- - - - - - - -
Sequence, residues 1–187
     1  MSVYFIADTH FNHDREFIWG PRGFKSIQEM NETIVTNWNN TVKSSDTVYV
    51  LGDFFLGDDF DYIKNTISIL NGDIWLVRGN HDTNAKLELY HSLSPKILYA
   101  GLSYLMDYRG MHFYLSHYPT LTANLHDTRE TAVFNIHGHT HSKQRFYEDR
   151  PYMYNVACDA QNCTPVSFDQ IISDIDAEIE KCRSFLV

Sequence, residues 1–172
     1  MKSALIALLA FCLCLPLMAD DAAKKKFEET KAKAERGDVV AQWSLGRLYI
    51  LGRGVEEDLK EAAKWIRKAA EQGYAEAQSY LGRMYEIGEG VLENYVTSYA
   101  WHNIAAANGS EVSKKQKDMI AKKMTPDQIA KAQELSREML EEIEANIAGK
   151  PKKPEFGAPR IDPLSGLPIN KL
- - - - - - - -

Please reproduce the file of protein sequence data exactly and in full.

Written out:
Sequence, residues 1–187
     1  MSVYFIADTH FNHDREFIWG PRGFKSIQEM NETIVTNWNN TVKSSDTVYV
    51  LGDFFLGDDF DYIKNTISIL NGDIWLVRGN HDTNAKLELY HSLSPKILYA
   101  GLSYLMDYRG MHFYLSHYPT LTANLHDTRE TAVFNIHGHT HSKQRFYEDR
   151  PYMYNVACDA QNCTPVSFDQ IISDIDAEIE KCRSFLV

Sequence, residues 1–172
     1  MKSALIALLA FCLCLPLMAD DAAKKKFEET KAKAERGDVV AQWSLGRLYI
    51  LGRGVEEDLK EAAKWIRKAA EQGYAEAQSY LGRMYEIGEG VLENYVTSYA
   101  WHNIAAANGS EVSKKQKDMI AKKMTPDQIA KAQELSREML EEIEANIAGK
   151  PKKPEFGAPR IDPLSGLPIN KL